Friday, October 4th, 2019

Mura Masa & Clairo – I Don’t Think I Can Do This Again

Don’t let the walls cave in on you…


[Video][Website]
[5.90]

Wayne Weizhen Zhang: Is there a way for this to auto-play in the background anytime someone thinks about contacting their ex?
[8]

Will Adams: As someone who spent most of the first half of this decade lamenting how so many EDM songs built up with an uptempo 4/4 beat only to drop into an energy-sapping half-time hook, this is thrilling. The “Where’s Your Head At” bassline and warbling guitars create the type of nervous dancepop I crave, something like Tomcraft’s “Loneliness” with stakes raised by Clairo’s weary lyric.
[8]

Scott Mildenhall: “Where’s Your Head At” with a more sensitive angst — which is sadly not to say “M.E.”. The clash of styles sets up tension and release without complication, but it’s that calculation that means it falls short of the Jaxx approach of being only gnomic, banging, comical and banging.
[6]

Kylo Nocom: The novelty of juxtaposing campfire singer-songwriter pop with brash electro-fuzz is the song’s one trick, and it’s a trick Mura Masa tries to flesh out with guitar sampling and percussion reminiscent of the more ethereal tracks off George Clanton’s most recent record. Clairo’s performance is quaint, sometimes sounding at odds with the tweeness of the verses, but the hook is where the song finally works. It’s not a temper tantrum, it’s the nauseous resignation after it all finally gets so hopeless.
[6]

Joshua Lu: The transition from acoustic ballad to rock-infused banger is convincingly smooth, but this particular bait-and-switch was much more compelling in the hands of Kero Kero Bonito, who weren’t afraid of a dig into cacophony, and who knew to include an actual bridge. 
[5]

Ian Mathers: I feel like the intro finally sold me on the low-key charms of Clairo in a way her own songs haven’t, but the chorus feels awkwardly accelerated into. It also sounds weirdly like a remix of Basement Jaxx’s “Good Luck” for a second there? Further listens make it less jarring but it still feels like a bit a of a lost opportunity.
[5]

Joshua Minsoo Kim: The chorus is odd: it finds a midpoint between scuzzy electropop and the ruminative tone of Clairo’s typical fare. It neither builds upon the verses’ mood nor feels as cathartic as it should. It’s nice to see both artists branching out, but this feels less fully formed than either of their best songs.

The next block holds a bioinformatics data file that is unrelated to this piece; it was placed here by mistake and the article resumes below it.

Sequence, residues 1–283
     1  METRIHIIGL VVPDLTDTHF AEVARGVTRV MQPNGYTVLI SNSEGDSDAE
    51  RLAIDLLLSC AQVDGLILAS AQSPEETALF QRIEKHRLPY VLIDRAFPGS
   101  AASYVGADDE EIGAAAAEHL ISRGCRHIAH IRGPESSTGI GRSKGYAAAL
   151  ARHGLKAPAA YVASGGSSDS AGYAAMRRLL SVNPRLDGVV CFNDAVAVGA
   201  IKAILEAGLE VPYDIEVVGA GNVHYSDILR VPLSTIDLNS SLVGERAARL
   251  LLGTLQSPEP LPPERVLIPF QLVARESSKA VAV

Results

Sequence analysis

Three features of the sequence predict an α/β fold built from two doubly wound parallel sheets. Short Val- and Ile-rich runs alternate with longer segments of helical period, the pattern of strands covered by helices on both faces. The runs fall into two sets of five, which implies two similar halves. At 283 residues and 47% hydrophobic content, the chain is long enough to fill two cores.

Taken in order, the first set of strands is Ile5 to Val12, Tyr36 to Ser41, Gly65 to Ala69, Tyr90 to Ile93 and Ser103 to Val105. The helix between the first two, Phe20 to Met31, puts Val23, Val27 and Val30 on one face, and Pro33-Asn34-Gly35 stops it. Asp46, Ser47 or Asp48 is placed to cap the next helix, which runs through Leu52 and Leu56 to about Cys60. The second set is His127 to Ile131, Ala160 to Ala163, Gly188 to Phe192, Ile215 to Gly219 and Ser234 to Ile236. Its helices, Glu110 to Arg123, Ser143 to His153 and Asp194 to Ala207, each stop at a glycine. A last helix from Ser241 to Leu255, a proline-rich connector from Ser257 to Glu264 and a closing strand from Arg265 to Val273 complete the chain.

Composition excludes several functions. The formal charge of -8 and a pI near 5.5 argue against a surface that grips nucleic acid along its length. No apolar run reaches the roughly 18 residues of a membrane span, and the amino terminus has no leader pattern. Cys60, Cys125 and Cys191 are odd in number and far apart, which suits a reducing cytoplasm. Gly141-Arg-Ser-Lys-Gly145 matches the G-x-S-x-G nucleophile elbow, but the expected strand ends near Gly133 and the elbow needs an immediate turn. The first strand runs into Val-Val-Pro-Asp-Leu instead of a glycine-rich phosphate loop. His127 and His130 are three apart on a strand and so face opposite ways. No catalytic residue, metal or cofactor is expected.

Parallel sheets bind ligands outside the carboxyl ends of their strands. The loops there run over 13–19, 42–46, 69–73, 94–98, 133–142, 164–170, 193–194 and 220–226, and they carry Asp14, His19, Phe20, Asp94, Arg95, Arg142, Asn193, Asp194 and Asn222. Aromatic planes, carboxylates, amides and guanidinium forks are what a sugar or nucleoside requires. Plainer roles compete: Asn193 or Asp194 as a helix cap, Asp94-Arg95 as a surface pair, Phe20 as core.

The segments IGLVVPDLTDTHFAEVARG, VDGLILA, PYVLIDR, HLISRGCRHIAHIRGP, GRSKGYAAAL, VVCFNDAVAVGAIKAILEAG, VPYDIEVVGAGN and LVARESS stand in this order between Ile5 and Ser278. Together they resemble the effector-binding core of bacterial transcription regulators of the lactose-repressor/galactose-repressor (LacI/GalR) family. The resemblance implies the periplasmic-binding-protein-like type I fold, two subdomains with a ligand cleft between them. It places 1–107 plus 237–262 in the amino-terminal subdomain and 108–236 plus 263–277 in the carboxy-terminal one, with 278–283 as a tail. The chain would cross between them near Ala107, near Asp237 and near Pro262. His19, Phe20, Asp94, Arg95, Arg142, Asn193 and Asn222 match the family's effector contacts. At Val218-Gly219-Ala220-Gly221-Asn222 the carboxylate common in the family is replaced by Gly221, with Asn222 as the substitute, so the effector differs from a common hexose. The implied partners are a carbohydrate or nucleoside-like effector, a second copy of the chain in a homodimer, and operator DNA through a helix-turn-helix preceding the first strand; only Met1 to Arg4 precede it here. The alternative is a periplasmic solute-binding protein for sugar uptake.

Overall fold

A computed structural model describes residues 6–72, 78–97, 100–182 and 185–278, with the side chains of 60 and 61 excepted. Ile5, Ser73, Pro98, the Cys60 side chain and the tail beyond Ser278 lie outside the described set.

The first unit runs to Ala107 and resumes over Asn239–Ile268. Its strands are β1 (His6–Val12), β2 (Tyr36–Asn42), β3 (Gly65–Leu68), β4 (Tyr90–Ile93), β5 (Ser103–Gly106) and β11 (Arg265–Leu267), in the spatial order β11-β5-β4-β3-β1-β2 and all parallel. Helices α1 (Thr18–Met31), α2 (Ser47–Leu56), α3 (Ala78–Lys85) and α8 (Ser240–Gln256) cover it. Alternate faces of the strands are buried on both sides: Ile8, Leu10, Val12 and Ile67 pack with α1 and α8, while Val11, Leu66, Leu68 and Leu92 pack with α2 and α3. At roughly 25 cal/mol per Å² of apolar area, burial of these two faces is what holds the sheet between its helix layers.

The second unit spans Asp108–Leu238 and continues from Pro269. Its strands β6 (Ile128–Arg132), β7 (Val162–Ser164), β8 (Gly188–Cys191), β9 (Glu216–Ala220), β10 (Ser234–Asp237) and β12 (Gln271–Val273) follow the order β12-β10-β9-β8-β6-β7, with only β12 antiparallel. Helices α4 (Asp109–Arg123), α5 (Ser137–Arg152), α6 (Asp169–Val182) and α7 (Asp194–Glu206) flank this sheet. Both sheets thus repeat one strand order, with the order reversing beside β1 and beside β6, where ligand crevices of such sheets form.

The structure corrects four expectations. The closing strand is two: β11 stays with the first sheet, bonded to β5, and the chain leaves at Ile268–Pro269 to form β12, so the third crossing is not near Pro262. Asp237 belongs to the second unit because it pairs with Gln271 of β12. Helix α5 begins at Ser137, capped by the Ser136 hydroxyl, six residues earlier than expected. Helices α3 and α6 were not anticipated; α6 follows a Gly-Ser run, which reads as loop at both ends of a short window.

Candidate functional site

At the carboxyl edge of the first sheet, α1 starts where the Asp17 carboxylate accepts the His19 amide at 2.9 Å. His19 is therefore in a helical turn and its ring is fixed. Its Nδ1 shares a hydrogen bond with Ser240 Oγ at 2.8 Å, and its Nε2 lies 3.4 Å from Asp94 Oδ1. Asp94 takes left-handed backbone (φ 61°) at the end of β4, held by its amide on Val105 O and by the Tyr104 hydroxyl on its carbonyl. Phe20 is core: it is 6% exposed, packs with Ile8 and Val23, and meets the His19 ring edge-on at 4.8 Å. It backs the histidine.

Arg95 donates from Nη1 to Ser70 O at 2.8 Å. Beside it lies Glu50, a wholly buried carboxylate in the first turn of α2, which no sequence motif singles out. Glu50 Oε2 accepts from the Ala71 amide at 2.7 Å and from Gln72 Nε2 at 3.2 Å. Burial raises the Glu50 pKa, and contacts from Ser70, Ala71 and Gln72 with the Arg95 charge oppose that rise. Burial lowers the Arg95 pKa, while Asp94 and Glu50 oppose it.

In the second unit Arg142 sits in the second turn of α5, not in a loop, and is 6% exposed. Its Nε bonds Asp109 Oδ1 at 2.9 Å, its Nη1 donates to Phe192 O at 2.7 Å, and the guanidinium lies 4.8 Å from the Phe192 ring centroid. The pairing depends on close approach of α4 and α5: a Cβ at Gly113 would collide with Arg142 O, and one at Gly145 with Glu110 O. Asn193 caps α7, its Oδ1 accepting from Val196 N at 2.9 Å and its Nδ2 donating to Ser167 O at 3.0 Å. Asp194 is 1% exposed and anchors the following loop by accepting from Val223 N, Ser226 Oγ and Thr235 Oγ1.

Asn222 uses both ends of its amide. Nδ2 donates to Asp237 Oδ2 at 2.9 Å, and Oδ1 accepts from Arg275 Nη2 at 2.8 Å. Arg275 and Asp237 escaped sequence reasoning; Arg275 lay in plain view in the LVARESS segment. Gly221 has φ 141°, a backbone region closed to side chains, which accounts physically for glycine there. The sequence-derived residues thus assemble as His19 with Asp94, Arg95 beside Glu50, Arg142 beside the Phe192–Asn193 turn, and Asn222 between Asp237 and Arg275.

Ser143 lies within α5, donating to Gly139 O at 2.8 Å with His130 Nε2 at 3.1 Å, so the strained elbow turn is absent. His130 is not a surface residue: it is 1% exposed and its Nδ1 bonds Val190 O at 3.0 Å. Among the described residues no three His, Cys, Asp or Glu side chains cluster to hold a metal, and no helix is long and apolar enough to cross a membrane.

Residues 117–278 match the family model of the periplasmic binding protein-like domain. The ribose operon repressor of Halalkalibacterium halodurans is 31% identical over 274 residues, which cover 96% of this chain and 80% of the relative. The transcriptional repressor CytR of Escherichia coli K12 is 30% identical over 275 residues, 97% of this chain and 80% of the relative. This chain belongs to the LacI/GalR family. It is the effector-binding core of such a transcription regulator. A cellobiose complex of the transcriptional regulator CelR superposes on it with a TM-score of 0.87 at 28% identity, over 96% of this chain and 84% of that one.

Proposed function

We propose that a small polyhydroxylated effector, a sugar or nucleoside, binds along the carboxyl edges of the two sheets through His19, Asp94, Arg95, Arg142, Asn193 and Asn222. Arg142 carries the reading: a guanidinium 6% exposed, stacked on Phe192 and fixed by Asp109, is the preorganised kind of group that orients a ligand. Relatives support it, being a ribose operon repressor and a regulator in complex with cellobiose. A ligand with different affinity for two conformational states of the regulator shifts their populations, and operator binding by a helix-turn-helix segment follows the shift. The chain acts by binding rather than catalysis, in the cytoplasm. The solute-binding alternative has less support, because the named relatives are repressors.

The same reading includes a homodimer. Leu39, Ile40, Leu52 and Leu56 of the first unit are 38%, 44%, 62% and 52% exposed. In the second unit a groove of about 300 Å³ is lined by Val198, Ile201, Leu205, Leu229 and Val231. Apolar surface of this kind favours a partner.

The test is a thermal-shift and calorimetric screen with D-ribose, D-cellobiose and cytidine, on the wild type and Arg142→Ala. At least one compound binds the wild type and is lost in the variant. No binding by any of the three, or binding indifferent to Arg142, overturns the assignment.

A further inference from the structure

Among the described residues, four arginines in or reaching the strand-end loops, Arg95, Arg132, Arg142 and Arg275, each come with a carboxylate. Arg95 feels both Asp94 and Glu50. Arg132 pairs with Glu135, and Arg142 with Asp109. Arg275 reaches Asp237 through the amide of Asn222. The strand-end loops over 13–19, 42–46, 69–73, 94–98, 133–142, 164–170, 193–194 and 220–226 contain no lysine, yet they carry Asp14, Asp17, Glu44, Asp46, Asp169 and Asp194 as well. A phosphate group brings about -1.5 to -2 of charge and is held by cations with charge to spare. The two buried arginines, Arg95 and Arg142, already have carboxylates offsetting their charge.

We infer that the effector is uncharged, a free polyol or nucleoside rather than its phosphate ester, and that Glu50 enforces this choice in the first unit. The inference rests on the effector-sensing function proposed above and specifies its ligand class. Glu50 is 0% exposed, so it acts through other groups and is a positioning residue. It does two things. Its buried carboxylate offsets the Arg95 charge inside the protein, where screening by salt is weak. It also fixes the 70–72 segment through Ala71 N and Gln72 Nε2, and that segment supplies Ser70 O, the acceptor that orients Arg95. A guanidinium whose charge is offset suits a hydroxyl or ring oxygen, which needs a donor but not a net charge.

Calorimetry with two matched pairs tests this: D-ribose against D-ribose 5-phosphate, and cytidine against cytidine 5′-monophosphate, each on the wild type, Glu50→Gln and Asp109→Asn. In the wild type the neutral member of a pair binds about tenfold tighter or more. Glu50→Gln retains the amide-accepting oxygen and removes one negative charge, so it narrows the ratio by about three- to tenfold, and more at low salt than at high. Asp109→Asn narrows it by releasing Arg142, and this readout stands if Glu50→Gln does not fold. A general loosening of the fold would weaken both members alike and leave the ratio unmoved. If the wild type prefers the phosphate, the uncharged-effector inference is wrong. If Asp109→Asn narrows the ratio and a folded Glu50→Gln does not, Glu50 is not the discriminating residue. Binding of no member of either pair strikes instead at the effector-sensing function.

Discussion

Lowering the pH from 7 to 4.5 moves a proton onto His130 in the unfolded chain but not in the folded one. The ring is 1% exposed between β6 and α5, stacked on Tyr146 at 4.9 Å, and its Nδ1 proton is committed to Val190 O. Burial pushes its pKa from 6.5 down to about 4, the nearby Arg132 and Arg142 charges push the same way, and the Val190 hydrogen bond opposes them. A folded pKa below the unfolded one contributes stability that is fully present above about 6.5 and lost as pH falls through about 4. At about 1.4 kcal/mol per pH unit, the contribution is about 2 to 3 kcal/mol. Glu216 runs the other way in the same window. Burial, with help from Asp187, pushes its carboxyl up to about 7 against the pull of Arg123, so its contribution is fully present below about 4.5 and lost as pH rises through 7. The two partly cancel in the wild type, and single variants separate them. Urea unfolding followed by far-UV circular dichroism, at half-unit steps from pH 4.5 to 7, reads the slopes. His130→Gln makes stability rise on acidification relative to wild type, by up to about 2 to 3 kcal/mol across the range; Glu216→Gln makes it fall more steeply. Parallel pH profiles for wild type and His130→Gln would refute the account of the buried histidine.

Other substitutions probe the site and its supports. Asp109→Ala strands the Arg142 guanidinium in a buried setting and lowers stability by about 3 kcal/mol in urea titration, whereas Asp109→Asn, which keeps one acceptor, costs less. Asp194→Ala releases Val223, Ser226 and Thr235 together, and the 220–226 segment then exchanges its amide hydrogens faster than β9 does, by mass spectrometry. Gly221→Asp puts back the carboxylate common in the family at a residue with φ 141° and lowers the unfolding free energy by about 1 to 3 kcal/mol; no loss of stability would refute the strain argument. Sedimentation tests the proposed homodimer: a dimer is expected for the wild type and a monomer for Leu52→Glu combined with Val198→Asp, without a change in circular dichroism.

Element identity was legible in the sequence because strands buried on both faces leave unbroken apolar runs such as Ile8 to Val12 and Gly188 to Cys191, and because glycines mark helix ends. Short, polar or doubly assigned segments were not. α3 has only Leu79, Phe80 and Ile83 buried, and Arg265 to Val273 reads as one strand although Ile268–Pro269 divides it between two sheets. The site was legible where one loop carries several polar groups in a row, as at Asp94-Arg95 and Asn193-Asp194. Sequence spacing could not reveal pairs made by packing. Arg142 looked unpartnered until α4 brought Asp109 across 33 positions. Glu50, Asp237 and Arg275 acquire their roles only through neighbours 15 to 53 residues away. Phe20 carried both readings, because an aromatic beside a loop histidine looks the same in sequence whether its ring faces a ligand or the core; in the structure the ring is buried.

[4]

Michael Hong: That same softness and yearning from Clairo’s Immunity is found across the verses and in the build-up to the chorus, which attempts to cross grungy sludge and futuristic production, but falls slightly short. If you’re going for a hook that’s just the same phrase repeated several times, do something more interesting than distorting it with autotune and dropping it on sludgy bass. The chorus is salvaged only by hints of Clairo popping out from underneath the autotune, giving it much-needed variety.
[6]

Vikram Joseph: The pastoral acoustics and gently endearing clatter of the verses, coupled with a wistful, middle-distance vocal from Clairo, are reminiscent of The Notwist and genuinely quite lovely, as is the fractured outro. I can fully appreciate the instinct to build layers of noise and intensity in between, but the transition into the chorus is painfully jarring and refuses to get any less so on subsequent listens — the low-end synths are far too brash, and the 4/4 club beat feels wildly out of place. It feels like the original and the remix have been spliced into one song — I just want to go back in time, sit down with Mura Masa and rewrite it, because this could have been excellent.
[6]

Joshua Copperman: The title is me @ Clairo discourse. Also me @ anticipating a somewhat underwhelming drop. 
[5]

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